Matthew Skelton - Software Delivery Consultant and Author
Manuel Pais - DevOps and Continuous Delivery Consultant
Talk - Monoliths vs Microservices is missing the point - start with team cognitive load
Topics: orgdesign, team topologies, teams, microservices, monoliths, cognition, cognitive load, team dynamics.
The “monoliths vs microservices” debate often focuses on technological aspects, ignoring strategy and team dynamics. Instead of technology, smart-thinking organizations are beginning with team cognitive load as the guiding principle for modern software. In this talk we explain how and why.
The debate on monoliths vs microservices as architectural patterns for modern software systems usually focuses on technological aspects, missing crucial details around organizational strategy and team dynamics.
Should we start with a monolith and extract microservices or start with microservices? How many microservices is the right number? These kinds of questions indicate a confusion that is made worse by the perceived need to adopt lots of new technology in order to make microservices work.
The false dichotomy between monoliths and microservices helps no-one. Instead, switched-on organizations start with the team cognitive load required to build and run a part of the software system. If a team is not able to fully understand the details of a service or subsystem, there is little chance of the team being able to own and support it.
The resulting team-sized services are by definition suitable in size and complexity for a single team to own, develop, and run. No longer do we care how many lines of code there are in a single service or whether it is a “monolith”: what we care about is that a team can own and run the software effectively.
Using team cognitive load as the guiding principle - assessed by the team via measures such as supportability, deployability, testability, operability, prioritization difficulties and domain complexity - organizations can optimize for sustainable ownership and evolution of software systems.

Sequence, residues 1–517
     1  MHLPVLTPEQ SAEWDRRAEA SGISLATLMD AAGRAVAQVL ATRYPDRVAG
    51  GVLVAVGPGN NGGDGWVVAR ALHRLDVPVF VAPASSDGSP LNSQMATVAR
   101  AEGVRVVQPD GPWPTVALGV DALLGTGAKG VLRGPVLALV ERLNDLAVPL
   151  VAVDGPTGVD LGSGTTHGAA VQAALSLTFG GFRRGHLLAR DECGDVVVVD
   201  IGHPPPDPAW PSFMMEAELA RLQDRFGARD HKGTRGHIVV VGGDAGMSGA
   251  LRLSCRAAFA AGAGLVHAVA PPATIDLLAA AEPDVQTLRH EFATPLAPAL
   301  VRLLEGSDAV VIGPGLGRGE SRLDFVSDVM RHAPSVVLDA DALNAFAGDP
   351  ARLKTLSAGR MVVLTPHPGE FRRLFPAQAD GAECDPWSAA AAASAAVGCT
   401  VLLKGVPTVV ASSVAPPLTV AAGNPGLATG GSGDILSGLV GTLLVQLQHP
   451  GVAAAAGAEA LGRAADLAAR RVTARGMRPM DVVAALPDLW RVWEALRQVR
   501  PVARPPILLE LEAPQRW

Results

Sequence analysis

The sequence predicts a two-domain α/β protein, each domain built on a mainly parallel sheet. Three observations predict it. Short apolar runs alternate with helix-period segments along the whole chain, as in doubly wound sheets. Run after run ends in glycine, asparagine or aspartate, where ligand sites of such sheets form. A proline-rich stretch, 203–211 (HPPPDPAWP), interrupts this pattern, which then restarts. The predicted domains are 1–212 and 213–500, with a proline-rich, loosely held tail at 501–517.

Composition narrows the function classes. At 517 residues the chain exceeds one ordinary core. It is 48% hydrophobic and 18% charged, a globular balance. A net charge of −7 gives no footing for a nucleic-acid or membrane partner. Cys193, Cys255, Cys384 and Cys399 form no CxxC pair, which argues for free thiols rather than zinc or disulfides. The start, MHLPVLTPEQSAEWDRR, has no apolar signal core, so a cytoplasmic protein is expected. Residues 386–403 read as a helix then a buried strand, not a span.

This talk draws on research and case studies from the book Team Topologies by Matthew Skelton and Manuel Pais (IT Revolution Press, 2019) together with first-hand consulting experience from the authors with organizations around the world.
Bio - Matthew Skelton
Matthew Skelton has been building, deploying, and operating commercial software systems since 1998. Head of Consulting at Conflux (http://confluxdigital.net/), he specialises in Continuous Delivery and operability for software in manufacturing, ecommerce, and online services, including cloud, IoT, and embedded software.
Matthew curates the well-known DevOps team topologies patterns at devopstopologies.com and is co-author of the books Continuous Delivery with Windows and .NET (O’Reilly, 2016) and Team Guide to Software Operability (Skelton Thatcher Publications, 2016). He is also co-founder at Skelton Thatcher Publications (http://skeltonthatcher.com/), a specialist publisher of techniques for software teams.
Matthew founded and leads the 2300-member London Continuous Delivery meetup group (http://londoncd.org.uk/), and instigated the first conference in Europe dedicated to Continuous Delivery, PIPELINE Conference (http://pipelineconf.info/). He also leads the CodeMill digital skills initiative in the North of England (http://codemill.tech/), and is a Chartered Engineer (CEng).
Bio - Manuel Pais
Manuel Pais is an independent IT consultant and trainer, focused on team interactions, Continuous Delivery practices and accelerating the flow of work. Manuel is co-author of the book "Team Topologies: Organizing Business and Technology Teams for Fast Flow" (IT Revolution Press, 2019) (more info at teamtopologies.com).
Manuel has worked with small to large organizations in finance, legal, manufacturing, and software houses, improving their software delivery approach and their metrics on quality, speed and operability. Manuel helps organizations adopt better practices by re-thinking their approach to software delivery, operations and support via strategic assessments, practical workshops, and coaching.
Also InfoQ lead editor for DevOps and co-curator of the widely cited DevOps Topologies (devopstopologies.com). Manuel started the 3000-member DevOps Lisbon meetup and helps organize the yearly DevOpsDays Portugal conference. Answers by @manupaisable on Twitter and Medium.